Yet there are ways in which Washington did cast a long and significant shadow, in which he was prophetic and visionary, and in which his legacies remain with us. Had Norrell been less focused on besting his scholarly predecessors on what turn out to be relatively narrow grounds, he may well have glimpsed them. How so? The "Negro Problem," which established long discursive legs in the late nineteenth century, had been central to the white American encounter with African Americans since at least the late eighteenth century. The "problem" was not how to square slavery with the principles of the Declaration of Independence, or to sustain a democracy with a large social group whose very presence had been coerced, or to assimilate formerly enslaved people into the body politic. The "problem," especially after emancipation, was one of "management." Black people were a "problem" because they were in the United States, and white people had to figure out how to move on with their own business without becoming mired in conflicts with blacks or utilizing too many valuable resources to control them. (Most every society, it should be said, has some version of the "Negro Problem.")
In his Notes on the State of Virginia in 1787, and in other writings on slavery and African Americans, Thomas Jefferson established an important intellectual foundation. Troubled by the morality and the political wisdom of slaveholding, Jefferson still could not imagine how white and black Americans might live together in peace under conditions of freedom. This was his "Negro Problem," and while he dodged it by refusing publicly to endorse emancipation, he also suggested that colonization (forced exile of the black population) might be the most suitable solution. Colonization subsequently became a centerpiece of emancipationist thought in the United States--Abraham Lincoln held on to it even as late as his Preliminary Emancipation Proclamation of 1862--and it remained one of several white perspectives on the "Negro Problem" that emerged after the Civil War.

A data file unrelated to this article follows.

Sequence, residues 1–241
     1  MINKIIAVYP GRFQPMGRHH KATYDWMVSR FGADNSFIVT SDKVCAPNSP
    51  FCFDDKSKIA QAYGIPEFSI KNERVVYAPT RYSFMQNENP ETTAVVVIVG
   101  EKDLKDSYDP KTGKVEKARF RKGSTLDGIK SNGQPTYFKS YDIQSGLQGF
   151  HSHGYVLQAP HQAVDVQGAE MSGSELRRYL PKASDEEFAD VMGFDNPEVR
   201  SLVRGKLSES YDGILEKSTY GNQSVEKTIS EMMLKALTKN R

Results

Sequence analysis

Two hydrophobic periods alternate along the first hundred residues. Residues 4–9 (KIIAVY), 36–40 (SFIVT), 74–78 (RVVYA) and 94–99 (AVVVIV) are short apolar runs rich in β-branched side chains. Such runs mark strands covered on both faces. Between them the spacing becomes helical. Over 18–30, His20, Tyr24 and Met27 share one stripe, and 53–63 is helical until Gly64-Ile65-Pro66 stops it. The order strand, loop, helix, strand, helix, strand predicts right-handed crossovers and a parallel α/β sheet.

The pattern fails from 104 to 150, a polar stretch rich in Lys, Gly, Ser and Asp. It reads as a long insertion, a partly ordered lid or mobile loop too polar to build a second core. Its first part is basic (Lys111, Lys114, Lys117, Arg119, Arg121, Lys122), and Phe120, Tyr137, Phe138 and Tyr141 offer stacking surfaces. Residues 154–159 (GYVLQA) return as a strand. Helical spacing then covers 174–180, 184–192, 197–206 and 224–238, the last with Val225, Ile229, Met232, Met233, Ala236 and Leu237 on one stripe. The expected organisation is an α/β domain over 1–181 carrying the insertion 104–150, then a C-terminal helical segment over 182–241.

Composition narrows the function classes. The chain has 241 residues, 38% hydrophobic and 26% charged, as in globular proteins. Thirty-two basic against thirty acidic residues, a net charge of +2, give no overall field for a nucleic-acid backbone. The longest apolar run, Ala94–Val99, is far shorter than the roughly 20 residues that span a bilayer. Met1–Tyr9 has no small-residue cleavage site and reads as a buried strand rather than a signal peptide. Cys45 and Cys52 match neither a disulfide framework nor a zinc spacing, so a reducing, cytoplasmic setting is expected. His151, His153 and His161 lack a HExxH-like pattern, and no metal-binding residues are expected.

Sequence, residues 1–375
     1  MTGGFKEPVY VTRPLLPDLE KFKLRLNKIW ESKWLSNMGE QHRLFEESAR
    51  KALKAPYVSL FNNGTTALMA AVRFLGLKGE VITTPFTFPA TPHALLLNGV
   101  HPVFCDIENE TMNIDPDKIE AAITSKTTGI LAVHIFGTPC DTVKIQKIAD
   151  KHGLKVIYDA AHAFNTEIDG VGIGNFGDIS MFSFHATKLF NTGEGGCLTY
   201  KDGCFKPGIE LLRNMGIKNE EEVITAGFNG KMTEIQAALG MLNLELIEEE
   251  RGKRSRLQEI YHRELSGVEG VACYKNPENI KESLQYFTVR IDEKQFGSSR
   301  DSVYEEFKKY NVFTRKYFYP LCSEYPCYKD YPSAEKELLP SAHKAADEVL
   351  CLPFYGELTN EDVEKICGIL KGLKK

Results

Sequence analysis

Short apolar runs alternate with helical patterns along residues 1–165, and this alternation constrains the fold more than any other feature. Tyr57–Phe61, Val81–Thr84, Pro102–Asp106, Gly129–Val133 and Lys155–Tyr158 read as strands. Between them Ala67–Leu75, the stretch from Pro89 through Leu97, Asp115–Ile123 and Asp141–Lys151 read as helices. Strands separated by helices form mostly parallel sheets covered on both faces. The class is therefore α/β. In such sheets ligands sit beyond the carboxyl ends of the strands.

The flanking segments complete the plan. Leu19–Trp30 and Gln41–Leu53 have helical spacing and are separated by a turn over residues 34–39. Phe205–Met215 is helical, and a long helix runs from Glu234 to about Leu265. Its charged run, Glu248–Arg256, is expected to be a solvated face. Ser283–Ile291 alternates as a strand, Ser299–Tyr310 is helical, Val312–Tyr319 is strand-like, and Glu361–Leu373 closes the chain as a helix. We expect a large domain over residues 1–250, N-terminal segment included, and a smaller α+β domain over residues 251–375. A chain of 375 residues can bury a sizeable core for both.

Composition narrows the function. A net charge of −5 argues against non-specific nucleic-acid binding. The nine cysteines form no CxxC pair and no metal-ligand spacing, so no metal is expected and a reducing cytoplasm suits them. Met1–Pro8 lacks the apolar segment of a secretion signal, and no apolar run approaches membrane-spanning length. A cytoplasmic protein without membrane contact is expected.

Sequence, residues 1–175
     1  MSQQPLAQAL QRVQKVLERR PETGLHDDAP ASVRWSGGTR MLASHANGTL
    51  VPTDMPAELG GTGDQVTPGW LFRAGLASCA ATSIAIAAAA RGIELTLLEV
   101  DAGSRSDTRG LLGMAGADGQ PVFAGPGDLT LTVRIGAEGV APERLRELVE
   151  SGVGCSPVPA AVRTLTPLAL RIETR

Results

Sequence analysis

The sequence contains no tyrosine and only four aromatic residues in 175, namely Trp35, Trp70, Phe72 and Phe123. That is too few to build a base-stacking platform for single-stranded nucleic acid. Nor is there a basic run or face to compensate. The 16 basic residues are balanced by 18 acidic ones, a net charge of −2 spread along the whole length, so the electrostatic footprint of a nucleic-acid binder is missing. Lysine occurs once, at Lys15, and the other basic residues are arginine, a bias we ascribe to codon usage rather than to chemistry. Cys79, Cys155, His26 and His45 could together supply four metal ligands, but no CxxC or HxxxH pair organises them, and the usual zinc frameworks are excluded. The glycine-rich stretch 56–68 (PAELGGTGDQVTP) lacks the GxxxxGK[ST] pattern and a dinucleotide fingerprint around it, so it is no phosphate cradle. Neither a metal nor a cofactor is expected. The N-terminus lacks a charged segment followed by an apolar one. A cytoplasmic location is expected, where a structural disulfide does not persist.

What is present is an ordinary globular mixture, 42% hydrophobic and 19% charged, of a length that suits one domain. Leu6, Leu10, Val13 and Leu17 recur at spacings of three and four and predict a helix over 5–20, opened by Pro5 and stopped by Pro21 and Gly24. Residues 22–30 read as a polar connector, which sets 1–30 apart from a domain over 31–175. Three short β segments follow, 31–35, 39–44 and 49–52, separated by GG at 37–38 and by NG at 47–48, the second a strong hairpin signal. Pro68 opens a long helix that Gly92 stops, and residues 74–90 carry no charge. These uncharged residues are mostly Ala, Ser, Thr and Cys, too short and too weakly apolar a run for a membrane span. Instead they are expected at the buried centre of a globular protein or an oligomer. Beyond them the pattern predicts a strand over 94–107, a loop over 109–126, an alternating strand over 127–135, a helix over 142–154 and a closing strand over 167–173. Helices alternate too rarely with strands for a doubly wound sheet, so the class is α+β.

By the late 1880s and 1890s, when Booker T. Washington took direct account of it, the "Negro Problem" loomed especially large and worrisome, because the first generation of whites and blacks born after slavery were now meeting each other as adults (chiefly) in the Southern states, and also because violence and repression seemed to be the first resorts for many whites, particularly in rural and small-town areas. Washington's efforts to develop a new script for the "Negro Problem" must be seen in relation to the work of white Southerners and Northerners who mostly lived in cities, considered themselves modern and enlightened (they were often part of the Progressive movement), and crafted the logic--if not the specific policies--of segregation and disfranchisement.